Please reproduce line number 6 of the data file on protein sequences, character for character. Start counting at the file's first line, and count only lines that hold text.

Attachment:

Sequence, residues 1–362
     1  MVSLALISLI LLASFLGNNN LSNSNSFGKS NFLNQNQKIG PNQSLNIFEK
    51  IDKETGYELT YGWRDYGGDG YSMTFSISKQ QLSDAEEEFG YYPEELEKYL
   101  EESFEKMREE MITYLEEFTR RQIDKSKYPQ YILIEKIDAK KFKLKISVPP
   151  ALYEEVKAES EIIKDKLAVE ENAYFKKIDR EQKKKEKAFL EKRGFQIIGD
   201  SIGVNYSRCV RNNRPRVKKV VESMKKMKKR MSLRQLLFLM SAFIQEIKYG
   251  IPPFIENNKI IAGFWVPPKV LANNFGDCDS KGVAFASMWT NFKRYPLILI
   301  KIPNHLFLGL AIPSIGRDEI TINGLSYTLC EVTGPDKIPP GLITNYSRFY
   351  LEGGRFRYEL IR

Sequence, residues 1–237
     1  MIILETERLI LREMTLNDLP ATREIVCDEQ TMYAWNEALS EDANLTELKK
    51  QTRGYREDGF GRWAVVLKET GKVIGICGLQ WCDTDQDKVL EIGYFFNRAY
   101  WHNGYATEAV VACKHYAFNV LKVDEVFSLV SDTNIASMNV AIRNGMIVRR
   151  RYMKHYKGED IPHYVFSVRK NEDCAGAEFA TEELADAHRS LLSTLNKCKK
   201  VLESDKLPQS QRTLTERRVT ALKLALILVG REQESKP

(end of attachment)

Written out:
   201  SIGVNYSRCV RNNRPRVKKV VESMKKMKKR MSLRQLLFLM SAFIQEIKYG